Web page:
Be it RoboCop in the 1980s or The Hitchhiker’s Guide To The Galaxy and I, Robot in the 2000s, artificial intelligence has been an efficient and popular tool for good science fiction. It wasn’t long ago that we called on-screen AI “futuristic". Before we realized it, AI had touched our lives, and in ways we could not have imagined. 2016 was the year it really hit closer home that AI is here to stay.

Have you ever used AI?

Yes, you have. Deep neural networks have changed the game rapidly. Facebook and Google can recognize the faces of your friends in the photographs you post, and understand the context behind the commands you shout into your smartphone. Those website and search suggestions that you see as you type in the address bar in your Web browser, how Microsoft Outlook mail filters some new messages to the Clutter inbox, Amazon’s algorithm, which suggests the books you should read, the way Apple’s Siri understands your requests, and the way your phone provides suggestions for the next word as you type a message—these are all examples of AI at a very basic level. They are becoming irreplaceable fixtures in personal technology as we try to be more productive.

This year, AI truly evolved. Personal assistants for your smartphone are a form of AI that has an impact on most users right away. A journey that started with Apple’s Siri assistant many years ago has now added Google’s Assistant, Microsoft’s Cortana and even Amazon’s Alexa, into the fold of intelligence. And there is more. “We believe that AI has the potential for transformative, positive impact in the world. Fulfilling this potential is not only dependent on the quality of the algorithms being engineered and the data they use, but on the level of public engagement, transparency, and ethical discussion that takes place around them," said Mustafa Suleyman, co-founder and head of applied AI, DeepMind, Alphabet Inc.’s artificial intelligence division, earlier this year in an official statement.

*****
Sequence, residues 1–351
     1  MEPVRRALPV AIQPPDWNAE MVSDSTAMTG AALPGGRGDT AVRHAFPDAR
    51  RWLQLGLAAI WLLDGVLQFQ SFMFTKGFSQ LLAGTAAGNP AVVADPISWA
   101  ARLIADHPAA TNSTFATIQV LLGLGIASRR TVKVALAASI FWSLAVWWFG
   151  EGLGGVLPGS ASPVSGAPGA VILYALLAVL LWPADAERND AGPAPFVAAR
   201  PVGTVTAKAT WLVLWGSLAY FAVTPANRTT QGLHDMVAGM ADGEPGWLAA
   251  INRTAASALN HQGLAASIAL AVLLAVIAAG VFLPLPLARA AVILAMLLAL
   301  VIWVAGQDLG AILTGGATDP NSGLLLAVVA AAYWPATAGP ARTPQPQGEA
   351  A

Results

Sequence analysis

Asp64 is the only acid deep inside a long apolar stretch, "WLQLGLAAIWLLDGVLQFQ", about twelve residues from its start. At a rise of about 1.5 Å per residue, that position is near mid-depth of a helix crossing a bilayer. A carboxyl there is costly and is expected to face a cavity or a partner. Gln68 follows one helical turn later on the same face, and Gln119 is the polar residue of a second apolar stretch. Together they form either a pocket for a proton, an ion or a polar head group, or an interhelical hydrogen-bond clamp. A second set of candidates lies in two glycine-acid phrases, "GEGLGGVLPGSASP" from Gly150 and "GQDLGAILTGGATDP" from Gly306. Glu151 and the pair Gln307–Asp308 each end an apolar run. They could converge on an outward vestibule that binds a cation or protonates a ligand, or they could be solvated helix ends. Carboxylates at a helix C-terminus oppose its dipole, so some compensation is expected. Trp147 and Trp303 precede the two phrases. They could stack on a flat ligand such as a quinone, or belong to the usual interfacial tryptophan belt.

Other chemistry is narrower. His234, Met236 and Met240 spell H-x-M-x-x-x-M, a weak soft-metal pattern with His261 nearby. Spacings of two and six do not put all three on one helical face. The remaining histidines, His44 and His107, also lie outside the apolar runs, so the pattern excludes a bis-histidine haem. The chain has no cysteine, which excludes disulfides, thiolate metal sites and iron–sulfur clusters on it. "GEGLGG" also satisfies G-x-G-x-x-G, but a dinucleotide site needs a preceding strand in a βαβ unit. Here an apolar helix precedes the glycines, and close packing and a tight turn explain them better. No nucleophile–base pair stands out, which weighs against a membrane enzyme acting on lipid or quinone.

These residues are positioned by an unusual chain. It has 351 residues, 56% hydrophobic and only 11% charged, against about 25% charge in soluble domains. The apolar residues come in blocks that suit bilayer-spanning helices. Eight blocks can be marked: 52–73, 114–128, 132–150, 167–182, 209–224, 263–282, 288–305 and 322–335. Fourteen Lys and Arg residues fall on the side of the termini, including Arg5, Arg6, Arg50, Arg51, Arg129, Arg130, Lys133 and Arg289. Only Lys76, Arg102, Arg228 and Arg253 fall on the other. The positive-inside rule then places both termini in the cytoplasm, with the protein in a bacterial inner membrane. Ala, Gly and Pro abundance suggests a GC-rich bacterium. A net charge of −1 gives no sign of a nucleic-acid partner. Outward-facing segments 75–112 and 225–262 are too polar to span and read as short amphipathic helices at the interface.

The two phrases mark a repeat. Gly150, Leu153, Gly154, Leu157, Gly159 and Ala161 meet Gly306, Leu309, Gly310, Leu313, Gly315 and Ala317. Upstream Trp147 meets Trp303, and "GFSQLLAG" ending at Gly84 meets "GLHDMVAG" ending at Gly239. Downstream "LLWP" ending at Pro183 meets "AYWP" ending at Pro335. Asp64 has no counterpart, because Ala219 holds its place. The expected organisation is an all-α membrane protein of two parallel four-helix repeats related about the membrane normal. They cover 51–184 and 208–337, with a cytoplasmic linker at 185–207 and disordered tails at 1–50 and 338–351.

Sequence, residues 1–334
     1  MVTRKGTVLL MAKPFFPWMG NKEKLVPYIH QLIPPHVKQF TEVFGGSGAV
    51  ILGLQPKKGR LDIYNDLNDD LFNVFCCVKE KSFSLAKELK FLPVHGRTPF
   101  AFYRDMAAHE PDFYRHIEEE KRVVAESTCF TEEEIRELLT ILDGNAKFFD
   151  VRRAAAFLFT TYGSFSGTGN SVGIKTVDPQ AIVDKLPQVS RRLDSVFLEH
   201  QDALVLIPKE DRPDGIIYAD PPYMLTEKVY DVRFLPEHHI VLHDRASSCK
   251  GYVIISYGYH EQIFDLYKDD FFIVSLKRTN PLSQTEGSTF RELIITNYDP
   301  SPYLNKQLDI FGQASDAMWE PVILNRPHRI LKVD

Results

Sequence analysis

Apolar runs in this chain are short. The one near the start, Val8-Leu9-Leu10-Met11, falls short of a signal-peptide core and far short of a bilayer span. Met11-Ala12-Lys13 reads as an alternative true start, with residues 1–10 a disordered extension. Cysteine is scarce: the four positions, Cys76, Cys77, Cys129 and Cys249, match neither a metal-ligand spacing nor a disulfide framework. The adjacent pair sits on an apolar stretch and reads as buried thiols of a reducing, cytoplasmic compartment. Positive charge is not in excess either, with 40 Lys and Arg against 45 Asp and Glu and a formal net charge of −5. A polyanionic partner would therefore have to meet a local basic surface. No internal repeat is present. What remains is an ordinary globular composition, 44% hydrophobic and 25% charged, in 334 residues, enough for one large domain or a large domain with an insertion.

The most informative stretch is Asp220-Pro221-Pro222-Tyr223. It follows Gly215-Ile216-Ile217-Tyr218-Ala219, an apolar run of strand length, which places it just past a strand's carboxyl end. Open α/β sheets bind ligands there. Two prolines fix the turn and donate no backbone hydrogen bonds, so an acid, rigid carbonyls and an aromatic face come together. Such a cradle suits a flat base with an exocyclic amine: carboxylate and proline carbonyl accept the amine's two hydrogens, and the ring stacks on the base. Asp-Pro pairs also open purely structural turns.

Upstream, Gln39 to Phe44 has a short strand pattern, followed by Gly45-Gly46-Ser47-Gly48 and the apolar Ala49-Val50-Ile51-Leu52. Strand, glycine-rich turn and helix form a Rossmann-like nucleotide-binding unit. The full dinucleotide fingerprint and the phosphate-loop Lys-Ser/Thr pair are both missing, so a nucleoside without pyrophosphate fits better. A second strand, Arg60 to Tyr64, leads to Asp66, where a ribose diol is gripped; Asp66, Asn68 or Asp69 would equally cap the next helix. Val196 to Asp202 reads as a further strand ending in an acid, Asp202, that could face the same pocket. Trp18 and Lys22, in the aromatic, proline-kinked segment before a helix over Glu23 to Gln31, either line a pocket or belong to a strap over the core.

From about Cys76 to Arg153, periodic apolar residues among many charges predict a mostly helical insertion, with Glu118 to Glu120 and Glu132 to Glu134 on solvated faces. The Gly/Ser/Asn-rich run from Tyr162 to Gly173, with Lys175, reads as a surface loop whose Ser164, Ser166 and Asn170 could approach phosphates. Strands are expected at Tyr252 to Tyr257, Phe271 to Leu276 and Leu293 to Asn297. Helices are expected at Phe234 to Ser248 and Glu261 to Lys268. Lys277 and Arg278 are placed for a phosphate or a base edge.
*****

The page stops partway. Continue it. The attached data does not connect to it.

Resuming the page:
Where did it all begin?

As early as the 1950s, Alan Turing, a British mathematician, was grappling with a conundrum: Can machines think? This was a simpler time, and the term “artificial intelligence" was still a million miles away from being coined. Later, it became known as the Turing Test, which meant replacing a human with a computer program. The test involves a man and a woman who are being questioned by an interrogator. The interrogator has to guess the gender by asking questions and analysing the written replies. In this, the woman is trying to help the interrogator, while the man is trying to complicate things. Turing replaced the human interrogator with a computer. He summarized his objective: “What will happen when a machine takes the part of A in this game? Will the interrogator decide wrongly as often when the game is played like this as he does when the game is played between a man and a woman? These questions replace our original, can machines think?" Experiments, such as those by American cognitive scientist Marvin Minsky, carried on but it was many years later that the true power of AI was recognized.

How is AI shaping what we do?